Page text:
In my last post’s story, the always-happy friend is concerned about self-consistency. That’s not surprising, because consistency is a great tool to persuade our brains to behave the way we want to behave.
Psychologists will tell you that, as humans, we want to be (and to be seen as) consistent with our self-image. We want to follow through on our commitments. We want to live up to statements we made. We don’t like wrestling with the cognitive dissonance of behaving inconsistently. Our “lizard brain” takes over the decision-making process.
This leaves us open to manipulation (for good or ill) if someone can get us to express the behavior they want us to emulate. For example, clipboard carrying researchers who asked “Do you consider yourself a helpful person?” before inviting people to participate in a survey saw their volunteer rates shoot up from 29% to 77.3%, as detailed by Robert Cialdini in his book Pre-Suasion, among many other examples of influencing people.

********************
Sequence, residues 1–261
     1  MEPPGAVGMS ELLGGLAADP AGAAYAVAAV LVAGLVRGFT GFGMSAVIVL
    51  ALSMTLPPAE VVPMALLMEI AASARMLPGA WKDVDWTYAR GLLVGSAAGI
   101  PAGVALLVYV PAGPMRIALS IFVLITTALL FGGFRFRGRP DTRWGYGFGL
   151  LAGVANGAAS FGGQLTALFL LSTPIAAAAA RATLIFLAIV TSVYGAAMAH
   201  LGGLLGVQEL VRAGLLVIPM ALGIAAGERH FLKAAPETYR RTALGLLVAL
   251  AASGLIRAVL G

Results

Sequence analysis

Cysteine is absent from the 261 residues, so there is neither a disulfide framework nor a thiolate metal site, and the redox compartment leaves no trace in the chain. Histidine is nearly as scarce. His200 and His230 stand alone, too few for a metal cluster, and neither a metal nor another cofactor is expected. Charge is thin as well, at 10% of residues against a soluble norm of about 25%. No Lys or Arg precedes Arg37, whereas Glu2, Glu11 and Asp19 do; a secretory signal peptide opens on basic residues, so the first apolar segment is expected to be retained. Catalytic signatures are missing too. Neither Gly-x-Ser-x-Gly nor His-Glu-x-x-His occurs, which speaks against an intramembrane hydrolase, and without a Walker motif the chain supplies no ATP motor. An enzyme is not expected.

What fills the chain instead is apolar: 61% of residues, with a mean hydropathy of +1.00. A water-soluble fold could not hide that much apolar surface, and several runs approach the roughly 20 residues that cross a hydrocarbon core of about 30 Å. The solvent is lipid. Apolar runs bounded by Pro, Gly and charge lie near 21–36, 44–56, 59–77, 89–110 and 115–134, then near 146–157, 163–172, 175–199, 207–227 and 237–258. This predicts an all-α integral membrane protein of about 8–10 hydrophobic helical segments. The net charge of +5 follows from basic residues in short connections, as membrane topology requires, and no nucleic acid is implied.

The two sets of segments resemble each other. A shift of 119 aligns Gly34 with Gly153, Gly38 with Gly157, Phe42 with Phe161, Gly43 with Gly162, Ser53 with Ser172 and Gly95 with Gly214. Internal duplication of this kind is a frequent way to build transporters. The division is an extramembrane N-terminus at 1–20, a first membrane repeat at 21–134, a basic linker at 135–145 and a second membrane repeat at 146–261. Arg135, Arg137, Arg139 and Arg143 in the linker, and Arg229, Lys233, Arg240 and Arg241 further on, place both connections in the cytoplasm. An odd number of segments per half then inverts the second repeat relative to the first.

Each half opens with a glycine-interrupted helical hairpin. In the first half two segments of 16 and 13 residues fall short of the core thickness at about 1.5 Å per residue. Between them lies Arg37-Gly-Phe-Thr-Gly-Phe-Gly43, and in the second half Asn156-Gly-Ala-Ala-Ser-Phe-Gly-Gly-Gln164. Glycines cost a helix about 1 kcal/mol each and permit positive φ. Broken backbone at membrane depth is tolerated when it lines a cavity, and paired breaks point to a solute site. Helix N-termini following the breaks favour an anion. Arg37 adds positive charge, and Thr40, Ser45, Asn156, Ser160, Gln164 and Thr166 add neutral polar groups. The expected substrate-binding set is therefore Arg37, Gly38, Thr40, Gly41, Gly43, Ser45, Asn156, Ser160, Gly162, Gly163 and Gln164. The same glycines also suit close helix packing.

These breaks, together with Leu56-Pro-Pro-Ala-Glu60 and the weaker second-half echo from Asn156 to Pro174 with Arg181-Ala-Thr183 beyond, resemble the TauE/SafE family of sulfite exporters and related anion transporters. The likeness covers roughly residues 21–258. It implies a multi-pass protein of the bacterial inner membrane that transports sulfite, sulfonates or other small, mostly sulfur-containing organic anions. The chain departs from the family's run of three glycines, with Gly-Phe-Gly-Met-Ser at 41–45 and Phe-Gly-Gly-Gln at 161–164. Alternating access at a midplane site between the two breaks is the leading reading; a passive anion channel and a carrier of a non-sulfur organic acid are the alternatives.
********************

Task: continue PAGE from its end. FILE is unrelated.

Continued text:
But it also gives us a tool for self-programming. For instance, many weight loss approaches have been shown to work because they create habits through self-consistency. You stood up and told your Weight Watchers group what you were going to do this week… how can you go back on that now? Rather than just counting calories, you promised to avoid carbs or sweets or dairy… and are you the kind of person who goes back on promises? Your desire for consistency can convince you, at that moment of truth, to think I’m not a person who buys a candy bar in the checkout line as that belief becomes part of your identity.
So, as extreme as the “if I were any happier, I’d be twins” guy may have been in his response, he does provide a model for all of us. Wouldn’t we all like to say, in that moment of truth:
I’m not the kind of person who stops being happy when bad things happen to me.
I’m not the kind of person who gets angry at others and looks for someone to blame when my plans are disrupted.
I’m not the kind of person who lets problems take away my joy for more time than it takes to experience those natural negative emotions.
It’s up to you to decide how you want to program your brain. But if you don’t make a conscious effort to decide, your programming will be decided for you by your unfiltered life experiences.
2 thoughts on “Using consistency to choose happiness”